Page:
FIG. 13 illustrates a pixel structure of an IPS mode LCD device according to the second embodiment of the invention. FIG. 14 shows a cross-sectional view taken along line V-V′ of FIG. 13. FIG. 15 depicts a cross-sectional view taken along line VI-VI′ of FIG. 13. As shown in FIG. 13 to FIG. 15, the IPS mode LCD device according to the second embodiment of the invention includes multiple gate and data lines 210 and 220, multiple thin film transistors TFTs, multiple pixel electrodes 230, multiple common (storage) lines 250, and multiple common electrodes 240. The multiple gate and data lines 210 and 220 cross each other, thereby forming multiple pixel regions. The multiple thin film transistors TFTs are respectively formed at crossing portions of the gate and data lines so as to be alternately positioned at lower and upper side pixel regions adjacent to the corresponding gate line 210. Also, the multiple pixel electrodes 230 connect to drain electrodes 220 c of the respective TFTs, and they are respectively formed in the pixel regions aligned in parallel with the data lines 220. The common lines 250 are formed as a zigzag type so as to be aligned parallel with the gate lines 210 along the TFT regions, and the multiple common electrodes 240 are respectively formed in the circumferences of the pixel regions at fixed intervals from the respective pixel electrodes 230 so as to be connected to the common lines 250.

In this state, the common electrode 240 being adjacent to the left side data line 220 of the pixel region overlaps the common line 250. The common line 250 includes a first common line and a second common line. The first common line is formed in parallel with the gate line 210 along the respective TFT regions, and the second common line connects to the first common line in parallel with the data line 220 so as to overlap with the common electrode 240 at the left side of the pixel region. Then, the first common line crosses the right side data line 220 of the pixel region.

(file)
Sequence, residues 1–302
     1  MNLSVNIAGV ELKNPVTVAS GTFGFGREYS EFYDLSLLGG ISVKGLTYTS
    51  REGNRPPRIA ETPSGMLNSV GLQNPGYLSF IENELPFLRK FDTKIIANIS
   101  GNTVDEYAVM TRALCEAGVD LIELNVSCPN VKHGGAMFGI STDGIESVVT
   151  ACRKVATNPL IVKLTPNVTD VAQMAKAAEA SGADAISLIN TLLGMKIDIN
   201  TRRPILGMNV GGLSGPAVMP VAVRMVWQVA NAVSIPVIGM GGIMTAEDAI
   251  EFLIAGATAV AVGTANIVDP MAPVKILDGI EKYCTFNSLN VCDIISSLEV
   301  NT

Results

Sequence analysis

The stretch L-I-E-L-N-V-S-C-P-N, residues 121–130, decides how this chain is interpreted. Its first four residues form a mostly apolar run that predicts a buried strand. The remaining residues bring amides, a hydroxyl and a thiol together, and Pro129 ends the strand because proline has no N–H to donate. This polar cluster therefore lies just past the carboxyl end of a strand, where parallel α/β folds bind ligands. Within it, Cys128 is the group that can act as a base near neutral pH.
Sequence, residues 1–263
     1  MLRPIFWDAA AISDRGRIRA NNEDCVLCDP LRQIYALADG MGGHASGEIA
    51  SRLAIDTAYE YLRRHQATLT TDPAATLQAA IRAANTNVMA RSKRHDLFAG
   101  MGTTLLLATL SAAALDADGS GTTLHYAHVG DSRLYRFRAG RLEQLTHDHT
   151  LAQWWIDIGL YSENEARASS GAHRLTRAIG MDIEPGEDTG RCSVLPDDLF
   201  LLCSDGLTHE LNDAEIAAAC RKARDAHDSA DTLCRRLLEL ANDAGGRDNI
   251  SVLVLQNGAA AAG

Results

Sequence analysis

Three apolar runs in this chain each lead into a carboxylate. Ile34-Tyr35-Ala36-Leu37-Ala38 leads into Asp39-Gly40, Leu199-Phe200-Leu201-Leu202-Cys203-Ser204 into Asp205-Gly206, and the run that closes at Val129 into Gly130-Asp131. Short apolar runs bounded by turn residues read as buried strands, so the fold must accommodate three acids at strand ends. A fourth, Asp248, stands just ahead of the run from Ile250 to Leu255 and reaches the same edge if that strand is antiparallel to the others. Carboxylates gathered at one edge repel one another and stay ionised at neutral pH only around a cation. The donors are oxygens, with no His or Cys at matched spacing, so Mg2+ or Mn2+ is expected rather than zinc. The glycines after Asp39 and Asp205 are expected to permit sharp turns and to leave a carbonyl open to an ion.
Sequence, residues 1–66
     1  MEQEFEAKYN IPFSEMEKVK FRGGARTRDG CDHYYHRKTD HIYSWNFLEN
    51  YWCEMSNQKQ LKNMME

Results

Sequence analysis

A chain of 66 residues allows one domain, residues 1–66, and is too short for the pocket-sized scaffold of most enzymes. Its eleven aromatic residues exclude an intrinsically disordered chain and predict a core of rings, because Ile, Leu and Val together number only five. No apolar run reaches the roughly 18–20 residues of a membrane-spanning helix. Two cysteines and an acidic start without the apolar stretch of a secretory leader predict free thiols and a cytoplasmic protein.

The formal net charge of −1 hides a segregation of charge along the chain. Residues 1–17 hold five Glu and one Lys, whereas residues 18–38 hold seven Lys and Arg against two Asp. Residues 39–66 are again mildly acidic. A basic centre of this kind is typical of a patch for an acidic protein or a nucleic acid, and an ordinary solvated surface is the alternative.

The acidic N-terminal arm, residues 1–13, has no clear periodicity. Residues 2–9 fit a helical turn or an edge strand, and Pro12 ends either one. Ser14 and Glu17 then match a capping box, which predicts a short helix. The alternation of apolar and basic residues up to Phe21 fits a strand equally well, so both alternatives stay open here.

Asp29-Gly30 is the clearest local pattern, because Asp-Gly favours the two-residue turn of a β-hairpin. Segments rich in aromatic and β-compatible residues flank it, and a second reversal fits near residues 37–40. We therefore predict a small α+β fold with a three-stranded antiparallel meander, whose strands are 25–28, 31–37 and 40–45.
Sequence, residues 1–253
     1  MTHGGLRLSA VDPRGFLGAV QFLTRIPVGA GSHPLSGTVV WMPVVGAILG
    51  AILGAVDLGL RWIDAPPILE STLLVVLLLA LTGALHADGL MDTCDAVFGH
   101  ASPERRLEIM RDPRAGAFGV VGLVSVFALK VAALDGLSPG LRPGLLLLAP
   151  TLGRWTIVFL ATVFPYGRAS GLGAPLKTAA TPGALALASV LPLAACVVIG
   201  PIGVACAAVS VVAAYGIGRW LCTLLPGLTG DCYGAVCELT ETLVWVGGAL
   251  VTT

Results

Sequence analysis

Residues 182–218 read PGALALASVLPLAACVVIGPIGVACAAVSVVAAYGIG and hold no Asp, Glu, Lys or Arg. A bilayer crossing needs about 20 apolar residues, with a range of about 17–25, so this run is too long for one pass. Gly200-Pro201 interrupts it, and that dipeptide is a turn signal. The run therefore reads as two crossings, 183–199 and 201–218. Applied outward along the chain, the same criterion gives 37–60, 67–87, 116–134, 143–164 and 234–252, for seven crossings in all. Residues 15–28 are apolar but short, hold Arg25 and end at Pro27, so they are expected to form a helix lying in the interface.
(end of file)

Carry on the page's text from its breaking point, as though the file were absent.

In the IPS mode LCD devices according to the first and second embodiments of the invention, two windows are formed between the common electrode and the pixel electrode formed in the pixel region. However, it is possible to form four windows, six windows, or more windows in the IPS mode LCD device according to the invention. The invention is suitable for LCD devices operating in the transmissive, reflective or transflective modes.

A method of manufacturing the IPS mode LCD device according to the preferred embodiments of the invention will now be described.

First, a metal layer is deposited over an entire surface of a substrate 200, and then the metal layer is selectively removed to thereby form the gate line 210 having a gate electrode, and also form the common line 250 at a fixed interval from the gate line 210 in a horizontal direction. At this time, the gate electrodes are alternately formed in lower and upper sides of the adjacent pixel regions along the corresponding gate line 210. Also, the common line 250 is formed at a predetermined interval from the gate line 210 so as to overlap with the drain electrode and the common electrode in a zigzag type configuration. Subsequently, a gate-insulating layer 215 is formed over the entire surface of the substrate 200 including the gate line 210 and the common line 250. Then, a semiconductor layer (not shown) is formed over the gate-insulating layer 215 above the gate electrode. After that, a metal layer is deposited over an entire surface of the gate-insulating layer 215, and then selectively removed, thereby forming the data line 220 perpendicular with the gate line 210, and source/drain electrodes 220 c over the substrate 200. As a result, a TFT including the gate electrode, the semiconductor layer and the source/drain electrodes 220 c is formed over the substrate 200.

Next, a passivation layer 225 is formed over the entire surface of the substrate 200 including the data line 220. After that, a metal layer is deposited over an entire surface of the passivation layer 225, and then selectively removed, thereby forming the pixel electrode 230 and the common electrode 240. At this time, the pixel electrode 230 is connected to the drain electrode 220 c of the TFT, and the common electrode 240 is connected to the common line 250 at a predetermined interval from the pixel electrode 230. Also, the gate-insulating layer is interposed between the drain electrode 220 c of the TFT and the common line 250, thereby forming the storage capacitor Cst. In this case, the common electrode 240 overlaps the common line 250, wherein the common electrode 240 and the common line 250 are in contact with each other at a predetermined region of the overlapped portion.